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The Ottawa Citizen
Wednesday, August 8, 2001

Tories, Alliance rebels split on missile plan

'Maybe we should have jumped on the bandwagon sooner': Solberg
By Jen Ross
Throughout the day Conservative leader Joe Clark appeared skeptical about the defence system, while Democratic Representative Caucus member and former Alliance foreign affairs critic Monte Solberg suggested Canada should back it.
"When we went into the discussions we knew full well that the parties may come out with different positions," said Mr. Clark.
"I think it's morally indefensible to use an issue as clear and important and dangerous as that as part of a strategy for uniting the right," said Ms. McDonough.

Despite their efforts to reach common positions, Conservative and Democratic Representative Caucus politicians were leaning in opposite directions yesterday on whether Canada should support the U.S.'s proposed national missile defence system.

Both sides say they are undecided after hearing various experts speak about the system at a joint briefing on Parliament Hill.

Throughout the day, however, Conservative leader Joe Clark appeared skeptical about the defence system, while Democratic Representative Caucus member and former Alliance foreign affairs critic Monte Solberg suggested Canada should back it.

"Doesn't it make sense to state publicly that we support NMD?" said Mr. Solberg. "If it's going that way in any event, maybe we should have jumped on the bandwagon sooner."

Mr. Clark appeared to question the need for the system, asking if there was "any real threat from 'rogue states'." He stressed the need for arms control and expressed concern after hearing Queen's University Professor Louis Delvoie suggest a scenario in which Russia might build up a capacity to "swarm" such a defence system.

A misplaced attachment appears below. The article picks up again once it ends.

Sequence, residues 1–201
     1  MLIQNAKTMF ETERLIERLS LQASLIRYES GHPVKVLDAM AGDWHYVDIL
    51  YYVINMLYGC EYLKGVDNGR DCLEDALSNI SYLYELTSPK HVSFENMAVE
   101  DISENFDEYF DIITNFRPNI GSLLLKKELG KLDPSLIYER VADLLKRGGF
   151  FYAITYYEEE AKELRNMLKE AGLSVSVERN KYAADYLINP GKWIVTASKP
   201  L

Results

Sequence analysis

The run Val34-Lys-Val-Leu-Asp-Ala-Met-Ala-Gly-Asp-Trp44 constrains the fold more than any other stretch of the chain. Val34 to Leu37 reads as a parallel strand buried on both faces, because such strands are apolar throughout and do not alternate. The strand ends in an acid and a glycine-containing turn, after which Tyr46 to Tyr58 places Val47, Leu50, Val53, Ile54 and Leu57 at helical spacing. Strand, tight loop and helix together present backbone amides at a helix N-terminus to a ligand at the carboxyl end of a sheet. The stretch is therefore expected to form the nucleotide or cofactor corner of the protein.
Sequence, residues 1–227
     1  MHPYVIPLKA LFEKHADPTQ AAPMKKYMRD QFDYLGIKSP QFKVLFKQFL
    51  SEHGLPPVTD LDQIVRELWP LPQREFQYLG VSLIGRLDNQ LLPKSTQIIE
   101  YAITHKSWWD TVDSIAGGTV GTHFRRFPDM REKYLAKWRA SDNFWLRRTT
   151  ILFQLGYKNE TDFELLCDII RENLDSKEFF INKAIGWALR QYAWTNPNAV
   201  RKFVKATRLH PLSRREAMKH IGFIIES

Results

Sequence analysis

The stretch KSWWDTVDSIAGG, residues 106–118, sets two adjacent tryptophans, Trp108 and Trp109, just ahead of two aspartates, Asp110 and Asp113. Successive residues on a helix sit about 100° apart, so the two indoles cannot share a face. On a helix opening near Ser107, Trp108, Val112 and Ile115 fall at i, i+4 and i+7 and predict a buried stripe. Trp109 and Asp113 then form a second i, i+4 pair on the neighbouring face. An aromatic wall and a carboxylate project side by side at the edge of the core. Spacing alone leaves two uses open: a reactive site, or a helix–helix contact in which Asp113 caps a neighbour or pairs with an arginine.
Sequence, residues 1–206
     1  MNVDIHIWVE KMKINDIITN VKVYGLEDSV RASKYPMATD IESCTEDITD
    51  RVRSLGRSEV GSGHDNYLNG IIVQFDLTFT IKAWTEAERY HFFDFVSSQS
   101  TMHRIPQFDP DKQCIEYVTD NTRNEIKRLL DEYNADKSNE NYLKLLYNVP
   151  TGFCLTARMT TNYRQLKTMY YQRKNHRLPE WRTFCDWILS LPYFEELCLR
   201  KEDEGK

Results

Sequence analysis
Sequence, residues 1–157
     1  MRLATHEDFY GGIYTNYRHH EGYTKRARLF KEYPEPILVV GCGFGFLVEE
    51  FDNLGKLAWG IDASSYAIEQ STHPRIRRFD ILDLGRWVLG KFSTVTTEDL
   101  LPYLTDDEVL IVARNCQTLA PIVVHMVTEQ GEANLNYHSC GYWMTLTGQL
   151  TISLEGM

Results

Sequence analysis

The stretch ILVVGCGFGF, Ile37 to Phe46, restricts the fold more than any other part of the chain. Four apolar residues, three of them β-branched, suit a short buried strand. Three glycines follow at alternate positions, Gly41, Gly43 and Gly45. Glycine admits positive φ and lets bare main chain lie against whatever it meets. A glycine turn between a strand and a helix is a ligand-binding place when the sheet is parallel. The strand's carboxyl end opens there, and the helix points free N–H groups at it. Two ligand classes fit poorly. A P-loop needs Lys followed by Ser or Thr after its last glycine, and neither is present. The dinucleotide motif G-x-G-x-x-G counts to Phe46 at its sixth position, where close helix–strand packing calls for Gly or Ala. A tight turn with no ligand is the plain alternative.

The proposed missile shield, whose cost is estimated in the tens of billions of dollars, would be designed to shoot down ballistic missiles.

Mr. Clark supported nuclear disarmament and opposed "Star Wars," which was advocated by U.S. president Ronald Reagan and is the forerunner of missile defence system.

The apparent divide between the Tories and the Caucus, who have been co-operating closely in recent weeks, highlights their potential difficulty in finding common ground on certain key policies -- a problem they will confront at a meeting next week at Mont Tremblant, Que.

"When we went into the discussions we knew full well that the parties may come out with different positions," said Mr. Clark. "We don't know, as a matter of fact, if that will be the case. I have not had an opportunity to discuss with my colleagues in my party the position we might take."

At a simultaneous press conference early yesterday, the NDP urged the Tories to get off the fence.

"The New Democrats are deeply concerned about the lack of commitment from the other political parties to just say No," said NDP leader Alexa McDonough.

"It's dreaming in technicolour to think that the militarization of space is somehow going to make the world a safer place."

Ms. McDonough said she was invited to participate in the joint briefing, but declined because the NDP already knows where it stands. She also accused the Tories of already having a set agenda going in -- to support the defence system.

"I think it's morally indefensible to use an issue as clear and important and dangerous as that as part of a strategy for uniting the right," said Ms. McDonough.

Yesterday's briefing was also attended by one Liberal and some Alliance MPs.

Mr. Clark also mentioned at a press conference that he would be taking into consideration a letter he received last week from deputy Alliance leader Grant Hill, suggesting talks about co-operating in the House of Commons.

The Liberal government has yet to decide how it will respond if the United States decides to deploy the NMD System and then invites Canada to participate.